In my previous post, I argued that one reason why many people cling to the idea that papers should be formally peer-reviewed before they are published, cited and discussed, despite the fact that this system is a recent historical addition to the scientific enterprise, is a philosophical misunderstanding about the nature of scientific truth. That is, the characteristic of science, as opposed to religion, is that it is never validated; it can and must be criticized. Therefore, no amount of peer reviewing can ever be a stamp of approval for “proven facts”. Instead what we need is public discussion of the science, not stamps of approvals.
In response to that post came up another common reason why many people think it’s important to have journals that select papers after peer-review. The reason is that we are crowded with millions of papers and you can’t read everything, so you need some way to know which paper is important, based on peer-review. So here this is not just about peer-reviewing before publishing, but also about the hierarchy of journals. Journals must do an editorial selection so that you don’t have to waste your time reading low-quality papers, or uninteresting papers. What this means, quite literally, is that you only read papers from “top journals”.
Here I want to show that this argument is untenable, because selecting their readings based on journal names is not what scientists should do or actually do, and because the argument is logically inconsistent.
Why is it logically inconsistent? If the argument is correct, then those papers accepted in lower rank journals should not be read because they are not worth reading. But in that case, why publish them at all? There seems to be no reason for the existence of journals that people do not read because they do not have time to read bad papers. If we argue that those journals should exist because in some cases there are some papers worth reading there, for any sort of reason, then we must admit that we don’t actually use journals as filters, or that we should not use them as filters (see below).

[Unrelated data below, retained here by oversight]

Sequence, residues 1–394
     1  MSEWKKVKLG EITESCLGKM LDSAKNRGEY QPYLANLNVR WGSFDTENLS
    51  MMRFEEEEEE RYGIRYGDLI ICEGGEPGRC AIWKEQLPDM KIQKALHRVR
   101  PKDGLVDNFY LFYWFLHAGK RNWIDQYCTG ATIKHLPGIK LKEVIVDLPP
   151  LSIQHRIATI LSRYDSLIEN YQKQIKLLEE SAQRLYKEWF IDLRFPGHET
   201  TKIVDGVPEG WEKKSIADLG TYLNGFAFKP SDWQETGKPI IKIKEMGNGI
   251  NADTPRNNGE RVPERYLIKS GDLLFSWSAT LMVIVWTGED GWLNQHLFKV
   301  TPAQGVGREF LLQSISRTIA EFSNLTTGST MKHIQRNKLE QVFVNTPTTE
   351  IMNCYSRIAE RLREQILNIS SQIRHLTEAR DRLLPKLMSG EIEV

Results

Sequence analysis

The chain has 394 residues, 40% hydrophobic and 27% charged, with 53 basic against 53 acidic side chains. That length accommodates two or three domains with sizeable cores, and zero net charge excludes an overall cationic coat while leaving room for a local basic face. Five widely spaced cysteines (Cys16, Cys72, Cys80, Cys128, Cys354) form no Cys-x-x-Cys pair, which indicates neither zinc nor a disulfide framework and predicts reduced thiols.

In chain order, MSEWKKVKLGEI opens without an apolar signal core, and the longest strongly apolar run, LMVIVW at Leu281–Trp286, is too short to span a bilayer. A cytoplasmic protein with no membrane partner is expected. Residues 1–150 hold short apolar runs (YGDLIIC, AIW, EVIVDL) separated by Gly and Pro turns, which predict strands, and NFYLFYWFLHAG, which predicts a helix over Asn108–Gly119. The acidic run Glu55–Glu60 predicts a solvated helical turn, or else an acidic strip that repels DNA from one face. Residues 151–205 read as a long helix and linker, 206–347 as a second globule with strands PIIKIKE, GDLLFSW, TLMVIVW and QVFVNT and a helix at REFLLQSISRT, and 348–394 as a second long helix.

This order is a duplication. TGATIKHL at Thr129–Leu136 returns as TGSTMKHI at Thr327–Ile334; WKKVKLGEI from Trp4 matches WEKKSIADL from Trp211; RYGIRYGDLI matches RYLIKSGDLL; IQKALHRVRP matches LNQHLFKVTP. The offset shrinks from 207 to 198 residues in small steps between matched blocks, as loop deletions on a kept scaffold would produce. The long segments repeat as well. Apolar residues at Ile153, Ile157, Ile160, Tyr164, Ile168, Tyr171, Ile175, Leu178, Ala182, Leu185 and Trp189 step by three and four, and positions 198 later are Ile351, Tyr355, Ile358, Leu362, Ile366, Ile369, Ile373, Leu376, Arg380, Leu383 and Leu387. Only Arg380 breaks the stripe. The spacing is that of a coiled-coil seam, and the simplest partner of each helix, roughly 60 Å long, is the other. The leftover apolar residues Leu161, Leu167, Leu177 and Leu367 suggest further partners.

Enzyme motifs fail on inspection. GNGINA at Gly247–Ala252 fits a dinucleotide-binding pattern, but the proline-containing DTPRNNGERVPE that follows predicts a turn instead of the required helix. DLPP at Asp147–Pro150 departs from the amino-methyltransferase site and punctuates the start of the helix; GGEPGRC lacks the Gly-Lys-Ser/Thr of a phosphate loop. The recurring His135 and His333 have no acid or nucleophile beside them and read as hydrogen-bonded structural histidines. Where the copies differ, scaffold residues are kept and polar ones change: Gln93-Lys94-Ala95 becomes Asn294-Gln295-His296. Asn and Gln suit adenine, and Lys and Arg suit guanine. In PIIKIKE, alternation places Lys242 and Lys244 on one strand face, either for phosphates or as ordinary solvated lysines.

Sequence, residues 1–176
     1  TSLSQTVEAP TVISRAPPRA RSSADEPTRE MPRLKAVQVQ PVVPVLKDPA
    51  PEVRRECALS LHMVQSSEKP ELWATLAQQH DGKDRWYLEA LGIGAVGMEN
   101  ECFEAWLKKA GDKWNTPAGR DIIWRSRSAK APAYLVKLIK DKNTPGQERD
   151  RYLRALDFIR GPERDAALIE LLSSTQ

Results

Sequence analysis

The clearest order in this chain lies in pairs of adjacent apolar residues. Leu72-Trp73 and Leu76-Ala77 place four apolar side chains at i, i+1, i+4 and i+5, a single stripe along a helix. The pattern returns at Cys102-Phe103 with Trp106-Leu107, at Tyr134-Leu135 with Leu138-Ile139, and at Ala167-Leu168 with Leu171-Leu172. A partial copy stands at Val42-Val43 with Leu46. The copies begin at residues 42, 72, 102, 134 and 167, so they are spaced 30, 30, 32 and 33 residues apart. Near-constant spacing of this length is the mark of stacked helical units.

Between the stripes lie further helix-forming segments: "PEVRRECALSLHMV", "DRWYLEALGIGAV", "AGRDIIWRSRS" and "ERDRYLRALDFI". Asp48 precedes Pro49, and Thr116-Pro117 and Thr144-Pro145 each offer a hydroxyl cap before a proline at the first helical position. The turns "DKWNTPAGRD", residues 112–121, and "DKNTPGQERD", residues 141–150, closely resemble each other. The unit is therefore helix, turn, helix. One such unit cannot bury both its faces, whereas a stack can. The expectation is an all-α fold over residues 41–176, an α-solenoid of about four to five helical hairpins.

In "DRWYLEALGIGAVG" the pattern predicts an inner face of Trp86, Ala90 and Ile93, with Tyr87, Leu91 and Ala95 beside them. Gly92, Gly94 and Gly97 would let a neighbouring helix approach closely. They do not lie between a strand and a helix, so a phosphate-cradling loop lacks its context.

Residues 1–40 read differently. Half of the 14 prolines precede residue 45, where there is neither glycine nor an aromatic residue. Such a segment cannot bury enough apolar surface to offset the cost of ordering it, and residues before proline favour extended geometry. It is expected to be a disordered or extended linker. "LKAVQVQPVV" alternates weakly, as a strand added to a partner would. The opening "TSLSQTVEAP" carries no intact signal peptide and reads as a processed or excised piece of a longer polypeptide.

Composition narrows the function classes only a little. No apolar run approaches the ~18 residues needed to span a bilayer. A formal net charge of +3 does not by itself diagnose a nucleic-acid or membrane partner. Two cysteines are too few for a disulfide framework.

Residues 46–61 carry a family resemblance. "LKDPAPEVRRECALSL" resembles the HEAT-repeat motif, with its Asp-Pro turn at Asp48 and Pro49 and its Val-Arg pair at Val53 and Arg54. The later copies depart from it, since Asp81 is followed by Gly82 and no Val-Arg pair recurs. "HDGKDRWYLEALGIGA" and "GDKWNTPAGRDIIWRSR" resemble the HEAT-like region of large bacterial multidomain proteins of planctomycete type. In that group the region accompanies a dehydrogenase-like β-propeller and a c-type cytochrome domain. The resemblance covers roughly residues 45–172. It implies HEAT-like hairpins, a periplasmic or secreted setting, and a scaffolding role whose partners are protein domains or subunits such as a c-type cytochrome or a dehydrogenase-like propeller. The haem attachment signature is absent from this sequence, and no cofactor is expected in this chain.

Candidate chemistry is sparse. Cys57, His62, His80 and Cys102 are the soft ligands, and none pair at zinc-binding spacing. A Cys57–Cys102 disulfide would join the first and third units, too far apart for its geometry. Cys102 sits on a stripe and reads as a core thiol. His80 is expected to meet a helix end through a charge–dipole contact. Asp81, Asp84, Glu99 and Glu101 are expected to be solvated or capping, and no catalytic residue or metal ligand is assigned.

Is it good scientific practice to use journal names as filters? What this implies is that you ignore any paper, including papers in your field and potentially relevant to your own studies, which are not published in “top journals”. So for example, you would not cite a relevant study if it’s not from a top journal. It also means that you don’t check that your own work overlaps other studies. So you potentially take credit for ideas that you were not the first to have. Is this a professional attitude?
If in fact you don’t totally ignore those lower journals, then you don’t actually use journal name as a filter, you actually do look at the content of papers independently of the journal they are published in. Which is my final point: to use journal names as filters is not the normal practice of scientists (or maybe I’m optimistic?). When you look for relevant papers on your topic of interest, you typically do a search (eg pubmed). Do you only consider papers from “top journals”, blindly discarding all others? Of course not. You first look at the titles to see if it might be relevant; then you read the abstract if they are; if the abstract is promising you might open the paper and skim through it, and possibly read it carefully if you think it is worth it. Then you will look at cited papers; or at papers that cite the interesting you just read; or you will read a review; maybe a colleague or your advisor will suggest a few readings. In brief: you do a proper bibliographical search. I cannot believe that any good scientist considers that doing a bibliographical search consists in browsing the table of contents of top journals.
The only case when you do use journal names to select papers to read is indeed when you read tables of contents every month for a few selected journals. How much of this accounts for the papers that you cite? You can get a rough idea of this by looking at the cited half-life of papers or journals. For Cell, it’s about 9 years. I personally also follow new papers on biorxiv using keywords, while most new papers in journals are irrelevant to me because they cover too many topics.
In summary: using journals as filters is not professional because it means poor scholarship and misattribution of credit. Fortunately it’s not what scientists normally do anyway.
One related argument that came out in the discussion of my previous post is that having papers reviewed post-publication could not work because that would be too much work, and consequently most papers would not be reviewed, while at least in the current system every paper is peer reviewed. That is wrong in several ways. First, you can have papers published then peer-reviewed formally and publicly (as in F1000 Research), without this being coupled to editorial selection. Second, if anything, having papers submitted a single time instead of many times to different journals implies that there will be less work for reviewers, not more. Third, what is exactly the advantage of having each paper peer-reviewed if it is argued that those papers should not be read or cited? In the logic where peer review in “good journals” serves as filters for important papers, it makes no difference whether the unimportant papers are peer reviewed or not, so this cannot count as a valid argument against post-publication review.
All this being said, there is still a case for editorial selection after publication, as one of the many ways to discover papers of interest, see for example my free journal of theoretical neuroscience.